It is no hyperbole to assert that the 6Ts all-nighter is as important in the history pages of soul music as the very artists and studios that produced it.
That a club has endured so long is testament to many factors. To the incredible legacy of music left to us by musicians whose music lifts us. To those who crawled for years on hands and knees in dusty rooms to share their spoils for the enjoyment of others. To those who have fought fatigue to dance till sunlight. And to those who have the tenacity to push the efforts of all the aforementioned, understanding the importance of the pursuit of shared raw emotion.
For 40 years the 6Ts all-nighter has, without equal, fed the demands of those who seek visceral and meaningful sentiment in their choice of records. All through a very esoteric sound. It’s certainly not everybody’s cup of tea
It is not just the wealth of records that have been broken, uncovered, discovered that makes the 100 Club all-nighter so unique but rather the dedication to quality. No Joe 90’s needed here.
Like many others I remember travelling 400 miles every month for decades, without question just to hear Luther Ingram, Ben E King and The Demures.
It seems unfathomable that we may never have had the opportunity to shed a collective tear to Lou Johnson’s mastertake on Roy Hamilton. To feel chills as the opening vibes of Carla Thomas‘ greatest recording envelops us, laid dormant for so many years. And for this we should all be thankful. From dancers to artists alike. For gifting us the exposure to masterpieces of recorded emotion, hitherto unheard, in a sacred place of sanctuary and companionship.
Through his tireless work with Ace records we have all benefited from Ady’s seemingly unending (some say ‘jammy’) ability to find and raise the fortunes of incredible, unreleased soul. This is the true strength of the 100 Club.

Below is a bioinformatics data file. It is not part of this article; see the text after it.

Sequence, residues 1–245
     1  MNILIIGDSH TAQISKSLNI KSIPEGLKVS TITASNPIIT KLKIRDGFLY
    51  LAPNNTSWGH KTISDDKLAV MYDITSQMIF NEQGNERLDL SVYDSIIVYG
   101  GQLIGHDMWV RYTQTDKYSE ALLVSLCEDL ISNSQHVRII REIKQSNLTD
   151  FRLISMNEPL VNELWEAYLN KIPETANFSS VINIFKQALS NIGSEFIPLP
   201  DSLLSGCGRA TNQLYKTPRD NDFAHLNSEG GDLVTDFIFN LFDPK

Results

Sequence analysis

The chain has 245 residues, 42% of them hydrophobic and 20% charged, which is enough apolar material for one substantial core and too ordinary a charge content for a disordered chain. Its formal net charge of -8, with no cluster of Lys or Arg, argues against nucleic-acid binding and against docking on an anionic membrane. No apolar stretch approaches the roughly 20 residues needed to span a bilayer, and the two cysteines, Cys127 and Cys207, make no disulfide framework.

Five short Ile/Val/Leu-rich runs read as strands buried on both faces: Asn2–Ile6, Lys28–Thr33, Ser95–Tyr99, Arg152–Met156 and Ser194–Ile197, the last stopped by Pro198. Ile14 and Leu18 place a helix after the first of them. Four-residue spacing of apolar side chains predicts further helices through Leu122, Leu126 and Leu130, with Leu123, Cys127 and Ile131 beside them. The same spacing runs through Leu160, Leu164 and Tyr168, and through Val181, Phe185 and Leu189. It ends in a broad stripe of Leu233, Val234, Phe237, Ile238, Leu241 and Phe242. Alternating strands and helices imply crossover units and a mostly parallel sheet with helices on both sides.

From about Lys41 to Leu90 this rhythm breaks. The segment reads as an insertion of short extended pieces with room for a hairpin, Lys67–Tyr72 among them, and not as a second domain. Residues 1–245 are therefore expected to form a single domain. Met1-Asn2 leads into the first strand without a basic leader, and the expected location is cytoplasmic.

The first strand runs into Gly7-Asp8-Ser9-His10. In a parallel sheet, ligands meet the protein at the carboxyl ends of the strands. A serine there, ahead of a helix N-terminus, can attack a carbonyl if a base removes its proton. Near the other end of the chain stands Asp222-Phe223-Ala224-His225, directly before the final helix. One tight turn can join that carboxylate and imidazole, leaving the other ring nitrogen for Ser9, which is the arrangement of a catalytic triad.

Ady’s influence via the records he found and subsequently played at the 100 Club send shockwaves across continents. ‘The Magic Touch’, ‘What’s With This Loneliness’ and more recently ‘Secret Weapon’ are perfect examples of 100 Club exclusives that eventually found their natural home in the wider world and our own collections. Mostly for free!
One of the most telling stories for me highlights the wealth of incredible records played, loved and filed away over the years. 6am one morning, post niter, Ady handed me a test pressing as a present. One side I didn’t recognise till I got home. It was Sharon Scott’s ‘It’s Better’, an unreleased record of monumental beauty I had cherished from a decade before but had long forgotten, lain unplayed for years in the back of Ady’s box.
From the very early days of his tenure as resident, Butch’s steel, northern resolve meant his records were unlike anyone else’s. His testing bed at the 100 Club has gifted us a torrent of sensational soul tracks. Completists have lost count of the one off gems that have travelled in his box for their first spins in their natural home.
The Mello-Souls had us fiercely tearing up those notoriously imperfect boards. More recently the likes of United Sounds, ‘JB Hammond’ and Love Company turned the place into a pressure cooker of euphoria, cementing the clubs ability to shift and adapt.
From skip raids to vault raids, our understanding of soul has been shaped immeasurably over the years by what these two have presented at the 100 Club niter. And it’s importance nationally and globally cannot be overstated.
Past and present residents have added an incredible wealth of variety and skill to what the nighter has to offer and I only wish I could have experienced the early days I was too young to know.
It’s strength is in that it has meant so much, to so many for so long.
When so many legendary clubs fell by the wayside, that basement rumbles on. Moving with the times. Still trying to offer the same matchless level of quality. For us all to continue to enjoy.
We promise we’ll try our hardest to give you 40 more. X